One of the reasons I'm into social media is that it helps me connect to a diverse well of thoughts and ideas;most of what I see is water under the bridge: of no particular interest and quickly forgotten. Some stuff I find interesting to some degree because I find it technically interesting, humorous, thought provoking or completely alien to me: the latter being a way of thinking I hadn't previously considered.
Today's post is in response to a thought provoking tweet from @c4lpt inviting me to participate in a survey to help identify the 100 best tools for learning. I decided to focus on mobile since that's where my interests are taking me. I started to list my favorite apps when a stray thought hit me: Can there be such a thing as the 100 best tools/apps? I don't think so. Here's why.
At last count there's something like 908 apps in my family's iTunes with maybe 180 apps on my iPad. I use all of them for mobile learning: authoring and consumption. I don't use all my apps for m-learning all the time: it depends on what I'm working on. @TheConsultantsE gets this.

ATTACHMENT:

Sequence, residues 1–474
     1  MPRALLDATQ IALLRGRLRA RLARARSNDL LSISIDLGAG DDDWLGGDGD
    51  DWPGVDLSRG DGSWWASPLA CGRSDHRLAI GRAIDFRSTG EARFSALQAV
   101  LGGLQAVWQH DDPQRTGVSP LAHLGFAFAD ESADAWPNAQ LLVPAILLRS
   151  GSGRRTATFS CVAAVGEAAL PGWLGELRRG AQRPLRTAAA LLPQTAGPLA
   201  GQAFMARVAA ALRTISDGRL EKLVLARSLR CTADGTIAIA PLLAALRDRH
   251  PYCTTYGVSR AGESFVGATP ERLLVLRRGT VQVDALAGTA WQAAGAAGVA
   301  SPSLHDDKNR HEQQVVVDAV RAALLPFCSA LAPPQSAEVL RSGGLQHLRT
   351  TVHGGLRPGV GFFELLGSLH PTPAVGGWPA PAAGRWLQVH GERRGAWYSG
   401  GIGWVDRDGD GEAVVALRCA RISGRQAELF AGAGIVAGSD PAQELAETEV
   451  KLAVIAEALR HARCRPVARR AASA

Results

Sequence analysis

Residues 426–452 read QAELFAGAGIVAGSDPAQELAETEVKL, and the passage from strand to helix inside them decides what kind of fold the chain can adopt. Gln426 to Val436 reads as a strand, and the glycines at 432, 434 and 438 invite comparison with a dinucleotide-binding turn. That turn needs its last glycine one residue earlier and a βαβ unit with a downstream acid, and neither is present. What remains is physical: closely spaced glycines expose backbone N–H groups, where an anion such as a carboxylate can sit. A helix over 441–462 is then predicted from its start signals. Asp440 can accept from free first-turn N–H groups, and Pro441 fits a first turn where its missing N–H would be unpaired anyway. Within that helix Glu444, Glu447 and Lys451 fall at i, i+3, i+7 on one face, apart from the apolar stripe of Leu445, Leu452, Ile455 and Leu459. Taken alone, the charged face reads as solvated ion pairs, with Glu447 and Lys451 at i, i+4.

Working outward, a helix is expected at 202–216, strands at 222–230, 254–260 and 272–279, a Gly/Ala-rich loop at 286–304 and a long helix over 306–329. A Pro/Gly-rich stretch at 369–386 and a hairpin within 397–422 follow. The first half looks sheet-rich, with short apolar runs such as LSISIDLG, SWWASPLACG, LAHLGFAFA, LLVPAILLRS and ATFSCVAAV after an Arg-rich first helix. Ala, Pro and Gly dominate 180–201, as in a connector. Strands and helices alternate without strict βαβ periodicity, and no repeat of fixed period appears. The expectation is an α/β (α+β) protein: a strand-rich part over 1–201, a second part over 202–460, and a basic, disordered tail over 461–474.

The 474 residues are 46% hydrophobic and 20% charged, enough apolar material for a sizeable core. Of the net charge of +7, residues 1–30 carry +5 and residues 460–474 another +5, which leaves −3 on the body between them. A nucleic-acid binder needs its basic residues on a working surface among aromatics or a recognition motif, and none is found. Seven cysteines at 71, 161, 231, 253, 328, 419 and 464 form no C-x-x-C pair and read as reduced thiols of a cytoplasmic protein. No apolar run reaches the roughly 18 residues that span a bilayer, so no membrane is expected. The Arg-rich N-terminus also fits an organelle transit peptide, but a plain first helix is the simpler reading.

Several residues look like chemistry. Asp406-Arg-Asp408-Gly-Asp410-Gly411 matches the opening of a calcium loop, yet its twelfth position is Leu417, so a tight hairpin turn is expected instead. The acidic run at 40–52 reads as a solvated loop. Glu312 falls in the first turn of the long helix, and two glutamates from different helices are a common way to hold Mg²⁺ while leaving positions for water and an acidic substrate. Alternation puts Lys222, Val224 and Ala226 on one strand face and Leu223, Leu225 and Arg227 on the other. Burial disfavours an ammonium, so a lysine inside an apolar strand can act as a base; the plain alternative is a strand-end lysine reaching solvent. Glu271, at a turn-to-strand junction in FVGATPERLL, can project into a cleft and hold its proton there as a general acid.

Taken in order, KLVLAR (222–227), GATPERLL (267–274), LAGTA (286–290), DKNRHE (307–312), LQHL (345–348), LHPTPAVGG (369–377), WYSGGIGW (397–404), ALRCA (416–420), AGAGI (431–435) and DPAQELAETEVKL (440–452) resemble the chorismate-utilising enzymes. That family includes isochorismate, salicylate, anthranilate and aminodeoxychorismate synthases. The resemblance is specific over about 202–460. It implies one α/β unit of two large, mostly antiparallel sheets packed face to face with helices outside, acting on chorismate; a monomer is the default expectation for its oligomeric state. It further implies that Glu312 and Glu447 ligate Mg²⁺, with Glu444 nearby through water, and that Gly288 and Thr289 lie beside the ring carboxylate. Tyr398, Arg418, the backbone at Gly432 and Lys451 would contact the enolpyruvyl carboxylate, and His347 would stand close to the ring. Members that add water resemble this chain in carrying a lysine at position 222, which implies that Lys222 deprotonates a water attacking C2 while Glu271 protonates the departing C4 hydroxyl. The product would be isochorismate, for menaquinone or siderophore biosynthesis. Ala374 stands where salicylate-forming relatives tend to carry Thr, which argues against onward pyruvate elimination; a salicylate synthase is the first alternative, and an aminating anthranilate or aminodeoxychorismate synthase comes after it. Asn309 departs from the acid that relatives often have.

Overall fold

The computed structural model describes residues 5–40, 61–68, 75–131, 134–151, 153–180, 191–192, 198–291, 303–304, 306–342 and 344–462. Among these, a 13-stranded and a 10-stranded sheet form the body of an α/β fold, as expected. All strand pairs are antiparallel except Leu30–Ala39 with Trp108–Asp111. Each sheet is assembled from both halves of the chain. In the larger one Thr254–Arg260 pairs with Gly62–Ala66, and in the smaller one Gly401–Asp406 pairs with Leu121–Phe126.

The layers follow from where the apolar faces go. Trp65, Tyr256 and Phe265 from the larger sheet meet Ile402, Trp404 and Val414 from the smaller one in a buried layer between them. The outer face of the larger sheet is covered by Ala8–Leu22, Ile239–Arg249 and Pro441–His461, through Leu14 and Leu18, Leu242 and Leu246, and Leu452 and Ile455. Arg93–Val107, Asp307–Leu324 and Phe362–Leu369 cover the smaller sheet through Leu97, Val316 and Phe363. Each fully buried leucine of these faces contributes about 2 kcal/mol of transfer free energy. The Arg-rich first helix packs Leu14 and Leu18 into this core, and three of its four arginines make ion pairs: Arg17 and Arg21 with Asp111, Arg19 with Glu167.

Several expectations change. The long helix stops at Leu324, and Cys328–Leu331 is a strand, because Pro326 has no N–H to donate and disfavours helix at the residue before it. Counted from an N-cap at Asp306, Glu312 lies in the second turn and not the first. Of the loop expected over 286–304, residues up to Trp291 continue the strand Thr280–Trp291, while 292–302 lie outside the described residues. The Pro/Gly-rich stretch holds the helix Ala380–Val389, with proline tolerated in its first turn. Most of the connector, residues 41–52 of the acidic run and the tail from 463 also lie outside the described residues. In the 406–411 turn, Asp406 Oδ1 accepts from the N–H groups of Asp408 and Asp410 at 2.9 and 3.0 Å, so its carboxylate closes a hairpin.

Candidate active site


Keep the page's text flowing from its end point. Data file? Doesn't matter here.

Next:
Anyway, here are my 10 favorite apps at this particular moment. Mostly I use apps for ideation: coming up with instructional strategies. Some of the most used apps I use for ideation are Plants vs Zombies, MindMap and 53 Paper.
I'm out in the field a lot doing front-end analysis, observations and meeting with subject matter experts (SMEs); seriously, in a field far from PCs and networks. QuickOffice Pro HD does an amazing job with MS Office documents. ReaddleDocs opens almost anything for viewing and annotating. DropBox is unbeatable for storing and sharing data in the cloud.
SG Project Pro I use for project management. iAWriter is an easy to use note taking app. Avid Studio is great for video editing. NoteAbility does an admirable job note taking by drawing, typing or recording audio.
So I guess that's 10. Only like I said: it depends. 10 minutes from now or next week or starting my next project some of the apps might be different.